Following the Growing Crowd Toward Environmental Sustainability
People tend to follow what most other people are doing, for better or for worse. On one hand, people’s tendency to follow social norms has been used to encourage environmentally responsible behaviors. For example, people use less energy in their homes when they find out that other residents in their area typically use less than they do, and people reuse their towels in hotels more if they find out most guests are reusing theirs.
On the other hand, social norms can also undermine attempts to change behaviors for the better. When a harmful behavior is common, people who are trying to reduce that behavior often mention how regrettably frequent the undesired behavior is. For example, in trying to get others not to litter, an environmental advocate may lament that many people are littering and that it’s a problem. Unfortunately, this strategy is not just ineffective; it can actually backfire and encourage people to misbehave. Paradoxically, stressing that littering is common can induce people to litter because people tend to do what most other people do.
So, even though communicating information about social norms is very effective in increasing behaviors that are already popular, using social norms to change behavior is more difficult when most people are not performing the “good” behavior. Recently, however, my colleagues and I conducted research that reveals a solution to this problem, one that allows even a minority of people to encourage environmentally friendly behaviors… as long as that minority is growing.
We conducted two experiments to see if reading about behaviors that are performed by only a minority of people but that are trending upwards in popularity will encourage others to join in. The first experiment tested whether a trending norm can reduce the amount of water people use while brushing their teeth. In this study, some participants read that 47% of the students at their university were conserving water. Other participants read the same message but also read that this percentage was only 36% a year earlier, showing that conserving water is a growing trend.
The participants then went to another room for what they believed was a separate study about the taste of toothpastes. They chose a type of toothpaste from a number of options and brushed their teeth with it while the experimenter left the room. What they didn’t know was that a water meter hidden below the sink measured their water usage. We found that while people who read only that 47% of people were conserving water used 0.49 gallons of water, those who also read that this was up from 36% a year ago used only 0.34 gallons.
In a second experiment, participants were asked to donate their time to help an environmental protection organization. However, before being asked for this favor, some participants read that it was not common to donate money to this organization, some participants read that it was not common to donate money to the organization but that donation rates were trending upward, and some participants got neither message.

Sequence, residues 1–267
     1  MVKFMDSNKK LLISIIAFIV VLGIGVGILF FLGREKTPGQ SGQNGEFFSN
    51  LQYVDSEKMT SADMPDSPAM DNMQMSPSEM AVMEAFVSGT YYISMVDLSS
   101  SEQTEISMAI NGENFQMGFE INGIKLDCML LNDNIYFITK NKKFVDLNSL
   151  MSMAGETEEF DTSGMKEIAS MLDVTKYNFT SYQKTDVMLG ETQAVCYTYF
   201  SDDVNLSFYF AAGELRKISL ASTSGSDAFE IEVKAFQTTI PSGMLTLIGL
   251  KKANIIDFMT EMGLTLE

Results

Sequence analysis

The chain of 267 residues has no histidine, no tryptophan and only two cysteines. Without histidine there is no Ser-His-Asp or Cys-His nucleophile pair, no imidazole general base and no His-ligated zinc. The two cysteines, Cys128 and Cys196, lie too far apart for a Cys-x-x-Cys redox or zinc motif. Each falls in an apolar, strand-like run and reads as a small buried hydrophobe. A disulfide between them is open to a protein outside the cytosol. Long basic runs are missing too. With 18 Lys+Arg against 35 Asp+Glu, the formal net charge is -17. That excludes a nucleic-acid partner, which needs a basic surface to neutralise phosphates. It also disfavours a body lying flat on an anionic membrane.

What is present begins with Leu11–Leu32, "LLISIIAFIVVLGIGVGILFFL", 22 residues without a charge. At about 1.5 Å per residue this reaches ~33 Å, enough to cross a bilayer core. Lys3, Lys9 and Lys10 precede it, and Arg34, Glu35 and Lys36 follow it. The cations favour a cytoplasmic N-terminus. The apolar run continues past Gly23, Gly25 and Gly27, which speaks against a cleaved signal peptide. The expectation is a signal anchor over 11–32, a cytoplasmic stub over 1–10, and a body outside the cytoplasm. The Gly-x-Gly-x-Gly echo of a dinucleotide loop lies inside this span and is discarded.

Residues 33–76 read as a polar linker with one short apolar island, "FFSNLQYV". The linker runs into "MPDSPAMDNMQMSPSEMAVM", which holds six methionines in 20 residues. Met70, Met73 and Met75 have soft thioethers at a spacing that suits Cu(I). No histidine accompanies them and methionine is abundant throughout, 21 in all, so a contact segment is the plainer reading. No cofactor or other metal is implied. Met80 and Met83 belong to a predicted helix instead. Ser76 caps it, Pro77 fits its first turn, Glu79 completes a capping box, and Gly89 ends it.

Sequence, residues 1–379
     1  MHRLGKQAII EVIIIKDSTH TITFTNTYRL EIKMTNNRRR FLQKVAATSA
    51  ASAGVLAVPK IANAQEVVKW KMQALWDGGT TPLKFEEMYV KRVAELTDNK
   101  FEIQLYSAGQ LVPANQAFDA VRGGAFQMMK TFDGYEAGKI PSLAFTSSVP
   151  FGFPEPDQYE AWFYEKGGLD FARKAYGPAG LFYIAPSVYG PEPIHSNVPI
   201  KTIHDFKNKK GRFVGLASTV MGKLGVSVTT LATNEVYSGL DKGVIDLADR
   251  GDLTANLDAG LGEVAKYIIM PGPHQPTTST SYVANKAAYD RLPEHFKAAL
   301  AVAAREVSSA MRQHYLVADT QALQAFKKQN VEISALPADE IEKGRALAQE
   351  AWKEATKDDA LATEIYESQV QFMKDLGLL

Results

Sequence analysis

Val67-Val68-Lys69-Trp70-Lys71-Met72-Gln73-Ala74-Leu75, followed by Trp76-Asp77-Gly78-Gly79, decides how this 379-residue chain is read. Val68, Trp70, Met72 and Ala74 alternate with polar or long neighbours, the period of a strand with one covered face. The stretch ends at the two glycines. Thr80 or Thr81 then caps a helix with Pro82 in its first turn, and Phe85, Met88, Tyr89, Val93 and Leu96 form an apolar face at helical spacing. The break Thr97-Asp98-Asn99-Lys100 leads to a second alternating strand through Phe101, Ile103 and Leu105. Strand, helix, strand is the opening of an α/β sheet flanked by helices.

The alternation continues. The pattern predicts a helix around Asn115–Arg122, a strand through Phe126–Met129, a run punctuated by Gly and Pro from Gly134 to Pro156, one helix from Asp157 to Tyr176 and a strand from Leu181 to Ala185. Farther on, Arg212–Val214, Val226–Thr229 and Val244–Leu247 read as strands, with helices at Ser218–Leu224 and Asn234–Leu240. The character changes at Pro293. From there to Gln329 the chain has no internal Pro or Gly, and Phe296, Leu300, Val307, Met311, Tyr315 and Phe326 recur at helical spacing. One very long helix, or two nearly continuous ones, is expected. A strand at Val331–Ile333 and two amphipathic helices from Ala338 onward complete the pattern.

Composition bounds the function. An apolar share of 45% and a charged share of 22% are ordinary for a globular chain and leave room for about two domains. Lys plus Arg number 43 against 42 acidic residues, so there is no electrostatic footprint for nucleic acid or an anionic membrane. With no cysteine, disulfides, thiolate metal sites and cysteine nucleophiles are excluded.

As with the water conservation study, people were more likely to volunteer their time -- and to donate more time -- if they read that donation rates were increasing than if they read only about the norm. Specifically, about 47% of the participants donated their time when reading about the upward trending norm compared to about 37% who donated their time after reading about the norm alone.
Why are people affected by whether the proportion of people performing a behavior is increasing? Digging deeper into our data, we found that people assume that trends will continue into the future. So, when they read about an upward trend, they assume the behavior will become increasingly popular. This assumption leads them to be more likely to conform to the behavior. We conducted several other experiments looking into these effects and overall found our effects to replicate across studies.
At the same time that we were conducting our research, Gregg Sparkman and Gregory Walton, two researchers at Stanford University, were also studying the effects of norms alone (what they called “static norms”) versus trends alone (“dynamic norms”) on other environmentally responsible behaviors and found effects similar to ours. They also found that trending norms affect behavior change by making people believe that change is more possible, that it’s more important to others, and that it’s more compatible with who they are.
In summary, although social norms are powerful tools to create social change, they can backfire if most people are performing a “bad” behavior. However, people are more likely to conform to the behavior of a small group if the group is growing, and that effect can be used to promote environmentally sustainable behaviors that aren’t yet common.
For Further Reading:
Cialdini, R. B., Demaine, L. J., Sagarin, B. J., Barrett, D. W., Rhoads, K., & Winter, P. L. (2006). Managing social norms for persuasive impact. Social Influence, 1, 3–15. doi:10.1080/15534510500181459
Goldstein, N. J., Cialdini, R. B., & Griskevicius, V. (2008). A room with a viewpoint: Using normative appeals to motivate environmental conservation in a hotel setting. Journal of Consumer Research, 35, 472–482. doi:10.1037/e633912013-996
Mortensen, C. R., Neel, R., Cialdini, R. B., Jaeger, C. M., Jacobson, R. P., & Ringel, M. M. (2019). Trending Norms: A lever for encouraging behaviors performed by the minority. Social Psychological and Personality Science, 10, 201-210. doi:10.1177/1948550617734615
Sparkman, G., & Walton, G. M. (2017). Dynamic norms promote sustainable behavior, even if it is counternormative. Psychological Science, 28, 1663–1674. doi:10.1177/0956797617719950
About the Author
Chad Mortensen is an Associate Professor at Metropolitan State University of Denver. He conducts research on social norms, social influence, and self-control depletion.